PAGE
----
# Lambda lifting

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− | Turning free | + | Turning [[free variable]]s into arguments. |

− | As an example, consider the following [[ | + | As an example, consider the following [[worker wrapper]] function, which computes the truncated square root of an integer: |

<haskell> | <haskell> | ||

− | + | isqrt :: Integer -> Integer | |

− | + | isqrt n | |

| n < 0 = error "isqrt" | | n < 0 = error "isqrt" | ||

| otherwise = isqrt' ((n+1) `div` 2) | | otherwise = isqrt' ((n+1) `div` 2) | ||

Line 14: | Line 14: | ||

</haskell> | </haskell> | ||

− | Suppose that you find that the worker function, <hask>isqrt'</hask>, might be useful somewhere else (say, in a context where a better initial estimate is known). You would like to use the [[ | + | Suppose that you find that the worker function, <hask>isqrt'</hask>, might be useful somewhere else (say, in a context where a better initial estimate is known). You would like to use the [[lifting pattern]] to raise it to the top level. However, <hask>isqrt'</hask> contains a [[free variable]], <hask>n</hask>, which is bound in the outer function. What to do? |

The solution is to promote <hask>n</hask> to be an argument of <hask>isqrt'</hask>. The refactored code might look like this: | The solution is to promote <hask>n</hask> to be an argument of <hask>isqrt'</hask>. The refactored code might look like this: | ||

<haskell> | <haskell> | ||

− | + | isqrt :: Integer -> Integer | |

− | + | isqrt n | |

| n < 0 = error "isqrt" | | n < 0 = error "isqrt" | ||

| otherwise = isqrt' n ((n+1) `div` 2) | | otherwise = isqrt' n ((n+1) `div` 2) | ||

Line 31: | Line 31: | ||

The isqrt' function may now be safely lifted to the top-level. | The isqrt' function may now be safely lifted to the top-level. | ||

− | + | Naive lambda lifting can cause a program to be less lazy. Consider, for example: | |

<haskell> | <haskell> | ||

Line 55: | Line 55: | ||

</haskell> | </haskell> | ||

− | An expression of this sort which only mentions [[ | + | An expression of this sort which only mentions [[free variable]]s is called a [[free expression]]. If a free expression is as large as it can be, it is called a [[maximal free expression]], or MFE for short. Note that <hask>sqrt y</hask> is actually not technically maximal. Lifting out the MFE would give you: |

− | called a [[ | + | |

− | be, it is called a [[ | + | |

− | <hask>sqrt y</hask> is actually not technically maximal. Lifting out the MFE would give you: | + | |

<haskell> | <haskell> | ||

Line 68: | Line 65: | ||

However, you save no more work here than the second version, and in | However, you save no more work here than the second version, and in | ||

addition, the resulting function is harder to read. In general, it | addition, the resulting function is harder to read. In general, it | ||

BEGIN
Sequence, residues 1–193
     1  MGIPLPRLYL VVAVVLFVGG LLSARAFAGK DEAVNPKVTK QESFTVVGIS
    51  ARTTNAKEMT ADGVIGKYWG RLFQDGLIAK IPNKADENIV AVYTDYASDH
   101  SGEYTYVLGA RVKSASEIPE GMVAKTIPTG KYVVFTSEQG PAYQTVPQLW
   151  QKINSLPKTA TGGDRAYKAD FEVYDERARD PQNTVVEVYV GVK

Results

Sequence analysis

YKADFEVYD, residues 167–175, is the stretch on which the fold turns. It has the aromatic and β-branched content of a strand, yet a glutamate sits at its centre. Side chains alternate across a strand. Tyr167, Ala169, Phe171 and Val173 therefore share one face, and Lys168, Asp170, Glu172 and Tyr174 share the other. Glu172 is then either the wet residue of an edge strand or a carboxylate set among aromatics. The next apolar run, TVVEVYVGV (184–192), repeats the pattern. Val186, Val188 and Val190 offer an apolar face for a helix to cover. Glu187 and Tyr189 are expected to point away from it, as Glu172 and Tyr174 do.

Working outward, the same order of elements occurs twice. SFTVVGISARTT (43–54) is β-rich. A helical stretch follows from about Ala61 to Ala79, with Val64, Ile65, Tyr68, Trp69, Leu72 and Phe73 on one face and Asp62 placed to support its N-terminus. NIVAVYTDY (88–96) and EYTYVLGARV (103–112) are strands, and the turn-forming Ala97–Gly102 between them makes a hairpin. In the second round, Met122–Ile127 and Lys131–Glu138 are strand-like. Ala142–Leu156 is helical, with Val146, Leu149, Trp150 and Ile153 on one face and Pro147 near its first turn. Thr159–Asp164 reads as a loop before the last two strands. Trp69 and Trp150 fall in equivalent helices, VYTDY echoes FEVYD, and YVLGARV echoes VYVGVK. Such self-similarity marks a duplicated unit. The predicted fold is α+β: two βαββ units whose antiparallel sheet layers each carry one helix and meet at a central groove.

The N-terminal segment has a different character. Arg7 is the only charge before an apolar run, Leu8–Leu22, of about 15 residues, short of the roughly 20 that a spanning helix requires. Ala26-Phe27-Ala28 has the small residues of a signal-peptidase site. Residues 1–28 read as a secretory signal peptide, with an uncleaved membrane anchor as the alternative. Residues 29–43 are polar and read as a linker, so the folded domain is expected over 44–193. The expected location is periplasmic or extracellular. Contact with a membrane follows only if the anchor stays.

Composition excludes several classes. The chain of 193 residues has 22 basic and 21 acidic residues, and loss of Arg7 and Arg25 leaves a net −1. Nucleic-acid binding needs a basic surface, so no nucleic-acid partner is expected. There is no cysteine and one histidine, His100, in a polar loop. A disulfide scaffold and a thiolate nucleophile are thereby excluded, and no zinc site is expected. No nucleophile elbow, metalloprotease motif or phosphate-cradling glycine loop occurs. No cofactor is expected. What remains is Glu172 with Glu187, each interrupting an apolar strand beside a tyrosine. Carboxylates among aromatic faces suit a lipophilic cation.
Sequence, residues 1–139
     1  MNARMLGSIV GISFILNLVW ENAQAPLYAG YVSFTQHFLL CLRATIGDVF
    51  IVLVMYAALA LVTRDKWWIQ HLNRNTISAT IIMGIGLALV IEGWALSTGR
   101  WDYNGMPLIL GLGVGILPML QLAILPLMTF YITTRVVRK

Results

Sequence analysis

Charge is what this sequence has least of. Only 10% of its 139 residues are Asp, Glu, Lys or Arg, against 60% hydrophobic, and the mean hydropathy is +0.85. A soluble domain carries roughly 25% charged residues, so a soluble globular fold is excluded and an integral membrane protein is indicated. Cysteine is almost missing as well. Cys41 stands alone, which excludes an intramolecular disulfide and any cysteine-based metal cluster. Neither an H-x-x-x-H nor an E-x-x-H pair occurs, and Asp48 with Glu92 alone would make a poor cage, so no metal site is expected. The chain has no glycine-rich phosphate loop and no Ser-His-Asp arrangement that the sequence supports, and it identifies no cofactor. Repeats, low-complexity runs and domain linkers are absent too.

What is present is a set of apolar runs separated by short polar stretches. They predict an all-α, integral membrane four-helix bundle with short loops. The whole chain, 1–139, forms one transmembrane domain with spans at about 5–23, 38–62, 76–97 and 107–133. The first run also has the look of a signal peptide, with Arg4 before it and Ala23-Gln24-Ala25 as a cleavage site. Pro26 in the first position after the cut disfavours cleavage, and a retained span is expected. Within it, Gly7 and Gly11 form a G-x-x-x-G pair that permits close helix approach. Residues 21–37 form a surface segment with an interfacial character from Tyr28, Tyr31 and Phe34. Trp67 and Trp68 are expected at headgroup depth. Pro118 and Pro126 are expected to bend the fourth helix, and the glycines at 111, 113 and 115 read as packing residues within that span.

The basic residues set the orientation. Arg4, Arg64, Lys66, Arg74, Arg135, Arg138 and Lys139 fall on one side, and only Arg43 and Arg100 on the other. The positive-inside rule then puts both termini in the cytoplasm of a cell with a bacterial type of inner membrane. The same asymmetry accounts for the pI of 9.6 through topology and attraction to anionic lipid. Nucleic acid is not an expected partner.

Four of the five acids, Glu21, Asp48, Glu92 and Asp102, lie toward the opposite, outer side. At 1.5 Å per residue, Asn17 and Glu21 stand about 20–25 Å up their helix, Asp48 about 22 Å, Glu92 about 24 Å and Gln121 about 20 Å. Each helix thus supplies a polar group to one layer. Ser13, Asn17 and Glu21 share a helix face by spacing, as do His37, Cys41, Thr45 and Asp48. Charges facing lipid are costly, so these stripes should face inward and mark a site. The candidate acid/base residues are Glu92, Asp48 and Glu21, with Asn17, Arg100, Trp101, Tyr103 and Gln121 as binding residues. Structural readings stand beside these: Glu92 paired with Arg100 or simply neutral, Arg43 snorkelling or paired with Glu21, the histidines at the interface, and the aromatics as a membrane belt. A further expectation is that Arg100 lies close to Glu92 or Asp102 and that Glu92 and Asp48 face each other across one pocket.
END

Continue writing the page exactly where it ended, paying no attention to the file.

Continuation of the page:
− | only makes sense to abstract out a [[ | + | only makes sense to abstract out a [[free expression]] if it is also a |

− | [[ | + | [[reducible expression]]. |

− | This converse of lambda lifting is [[ | + | This converse of lambda lifting is [[lambda dropping]], also known as |

− | avoiding parameter passing | + | [[avoiding parameter passing]]. |

− | + | ||

− | + | ||

[[Category:Refactoring]] | [[Category:Refactoring]] |

## Latest revision as of 19:08, 19 January 2011

Turning free variables into arguments.

As an example, consider the following worker wrapper function, which computes the truncated square root of an integer:

isqrt :: Integer -> Integer isqrt n | n < 0 = error "isqrt" | otherwise = isqrt' ((n+1) `div` 2) where isqrt' s | s*s <= n && n < (s+1)*(s+1) = s | otherwise = isqrt' ((s + (n `div` s)) `div` 2)

isqrt'

isqrt'

n

n

isqrt'

isqrt :: Integer -> Integer isqrt n | n < 0 = error "isqrt" | otherwise = isqrt' n ((n+1) `div` 2) where isqrt' n s | s*s <= n && n < (s+1)*(s+1) = s | otherwise = isqrt' n ((s + (n `div` s)) `div` 2)

The isqrt' function may now be safely lifted to the top-level.

Naive lambda lifting can cause a program to be less lazy. Consider, for example:

f x y = g x + g (2*x) where g x = sqrt y + x

g

f x y = g y x + g y (2*x) where g y x = sqrt y + x

sqrt y

y

sqrt y

f x y = let sy = sqrt y in g sy x + g sy (2*x) where g sy x = sy + x

sqrt y

f x y = let psy = (+) (sqrt y) in g psy x + g psy (2*x) where g psy x = psy x

However, you save no more work here than the second version, and in addition, the resulting function is harder to read. In general, it only makes sense to abstract out a free expression if it is also a reducible expression.

This converse of lambda lifting is lambda dropping, also known as avoiding parameter passing.